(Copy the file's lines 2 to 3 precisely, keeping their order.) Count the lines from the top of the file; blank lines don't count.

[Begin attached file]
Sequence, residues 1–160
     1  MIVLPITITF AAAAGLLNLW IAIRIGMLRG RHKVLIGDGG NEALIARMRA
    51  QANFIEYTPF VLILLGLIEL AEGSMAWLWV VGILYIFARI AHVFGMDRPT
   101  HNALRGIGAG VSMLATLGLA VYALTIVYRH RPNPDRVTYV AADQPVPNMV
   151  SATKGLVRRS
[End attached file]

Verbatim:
     1  MIVLPITITF AAAAGLLNLW IAIRIGMLRG RHKVLIGDGG NEALIARMRA
    51  QANFIEYTPF VLILLGLIEL AEGSMAWLWV VGILYIFARI AHVFGMDRPT